Why I Won't Be Sharing the Posts About Autism That Go Viral
It’s happened again this week. A post about a child with autism has gone viral. A mum posted on Facebook, and that post has been reported on all over the world (well I’ve seen it in America, the U.K. and Holland). My best friend sent me an app with the link, asking, “Have you seen this?” (I love her!) I hadn’t seen it, but when I did my heart sank a little bit… (If you haven’t read the piece, you can see the BBC version here.)
Posts like this always make me feel sad and disappointed because they appeal to the journalistic culture of pity or fear.
Firstly, my heart went out to this mother — how hard it must have been for her to know her son ate lunch alone, every day. But… where were the caring staff at school to support this child? Lunch times in a large space with lots of people are bound to be difficult for a child on the autism spectrum. Why wasn’t he being given more support?
Secondly, I applaud the mother of the football player, as she has obviously raised a kind, caring, intelligent young man. He saw a boy eating alone, sat with him and talked with him. But this is just a story about a man showing kindness. Why are we applauding his kindness? My husband shows kindness every single day — that is why I fell in love with him. In fact, today he helped a lady in a wheelchair. Thousands of people — therapists, doctors, teachers, etc. — work with our children and show amazing kindness too, but it isn’t front page news. Is it news because this football player is somewhat famous?
I am happy that the boy now has friends to eat lunch with, but it makes me sad that it took one famous adult to let them see the boy for who he really is. To get them to look beyond the awkwardness, the hand flapping, to really see him. Another case where autism awareness has not lead to acceptance.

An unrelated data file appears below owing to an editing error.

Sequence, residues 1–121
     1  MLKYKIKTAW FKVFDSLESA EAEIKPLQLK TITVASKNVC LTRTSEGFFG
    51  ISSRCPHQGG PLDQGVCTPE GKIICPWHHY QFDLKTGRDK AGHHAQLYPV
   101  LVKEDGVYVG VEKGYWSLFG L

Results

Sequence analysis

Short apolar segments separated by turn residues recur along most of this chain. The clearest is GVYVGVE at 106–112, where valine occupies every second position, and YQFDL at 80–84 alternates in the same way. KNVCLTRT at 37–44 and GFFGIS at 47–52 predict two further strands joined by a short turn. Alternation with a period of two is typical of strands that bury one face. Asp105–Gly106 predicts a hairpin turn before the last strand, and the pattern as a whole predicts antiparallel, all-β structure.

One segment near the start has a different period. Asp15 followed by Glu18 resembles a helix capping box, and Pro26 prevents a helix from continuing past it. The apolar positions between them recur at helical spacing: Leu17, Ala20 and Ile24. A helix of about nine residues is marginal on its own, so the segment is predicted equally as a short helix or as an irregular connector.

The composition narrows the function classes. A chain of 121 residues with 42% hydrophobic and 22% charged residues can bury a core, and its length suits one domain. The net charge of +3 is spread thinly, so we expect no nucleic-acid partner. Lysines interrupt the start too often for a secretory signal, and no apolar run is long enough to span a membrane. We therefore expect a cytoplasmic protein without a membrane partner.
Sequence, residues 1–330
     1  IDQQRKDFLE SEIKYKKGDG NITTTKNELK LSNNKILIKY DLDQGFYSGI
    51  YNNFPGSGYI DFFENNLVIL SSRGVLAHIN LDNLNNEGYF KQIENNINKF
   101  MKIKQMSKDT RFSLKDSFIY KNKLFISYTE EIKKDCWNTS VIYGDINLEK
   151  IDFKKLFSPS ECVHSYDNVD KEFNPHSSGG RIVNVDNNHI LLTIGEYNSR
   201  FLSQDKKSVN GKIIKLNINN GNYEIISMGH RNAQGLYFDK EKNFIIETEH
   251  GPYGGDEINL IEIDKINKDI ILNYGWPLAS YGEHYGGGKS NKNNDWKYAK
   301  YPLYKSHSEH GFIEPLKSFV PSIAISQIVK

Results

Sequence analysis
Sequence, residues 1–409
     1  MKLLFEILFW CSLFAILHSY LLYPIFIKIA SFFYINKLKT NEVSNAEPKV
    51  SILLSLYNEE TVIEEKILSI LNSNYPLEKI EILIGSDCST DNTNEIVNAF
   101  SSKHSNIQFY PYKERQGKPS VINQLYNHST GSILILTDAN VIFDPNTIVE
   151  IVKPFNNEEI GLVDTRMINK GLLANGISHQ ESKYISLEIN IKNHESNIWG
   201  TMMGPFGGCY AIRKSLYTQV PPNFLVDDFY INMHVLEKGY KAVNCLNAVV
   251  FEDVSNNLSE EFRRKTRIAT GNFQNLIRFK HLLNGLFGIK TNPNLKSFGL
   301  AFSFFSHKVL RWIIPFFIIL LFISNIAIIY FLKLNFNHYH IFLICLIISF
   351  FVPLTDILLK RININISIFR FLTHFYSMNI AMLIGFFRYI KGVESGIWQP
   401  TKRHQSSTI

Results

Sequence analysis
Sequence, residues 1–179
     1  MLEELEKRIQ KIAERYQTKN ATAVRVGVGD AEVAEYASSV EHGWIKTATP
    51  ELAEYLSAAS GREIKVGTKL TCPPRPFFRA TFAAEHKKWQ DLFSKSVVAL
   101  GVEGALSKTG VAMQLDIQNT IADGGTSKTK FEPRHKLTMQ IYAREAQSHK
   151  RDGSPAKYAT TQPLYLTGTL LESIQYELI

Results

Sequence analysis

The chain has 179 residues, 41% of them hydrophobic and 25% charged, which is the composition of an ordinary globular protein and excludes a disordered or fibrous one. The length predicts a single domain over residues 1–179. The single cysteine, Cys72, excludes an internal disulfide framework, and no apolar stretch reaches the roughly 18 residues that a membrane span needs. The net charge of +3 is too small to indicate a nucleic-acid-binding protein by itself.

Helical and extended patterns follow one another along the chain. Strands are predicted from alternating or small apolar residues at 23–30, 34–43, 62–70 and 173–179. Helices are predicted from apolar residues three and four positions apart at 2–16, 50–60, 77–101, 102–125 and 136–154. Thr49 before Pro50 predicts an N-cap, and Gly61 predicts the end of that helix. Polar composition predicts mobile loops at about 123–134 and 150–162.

When my nana, died my brother gave the eulogy, and he began with something that has sat with me ever since: “Her life was one filled with small kindnesses.”
Amazing, pure, simple and true. My nana was a beautiful woman, happy, fun but above all kind. It makes me sad to think we live in a world where many people have forgotten this simple message. If anything, this story demonstrates how one small kindness can have an enormous impact! But is kindness so rare that it deserves to be reported worldwide?
So, my friends, within your busy day, pause and think, and if you get the opportunity, please perform one small act of kindness. Raise your children to see kindness as the norm, not as a special action to be applauded. And think before you share…
I will not be sharing posts that prey on our pity or fear. I will instead share a store of the amazing athlete Mikey Brannigan, who ran the 1500m in less than 4 minutes in qualifying for the Paralympics. Oh, and he also happens to have autism. Did you hear about that? Good luck to all athletes taking part in the Rio Paralympics.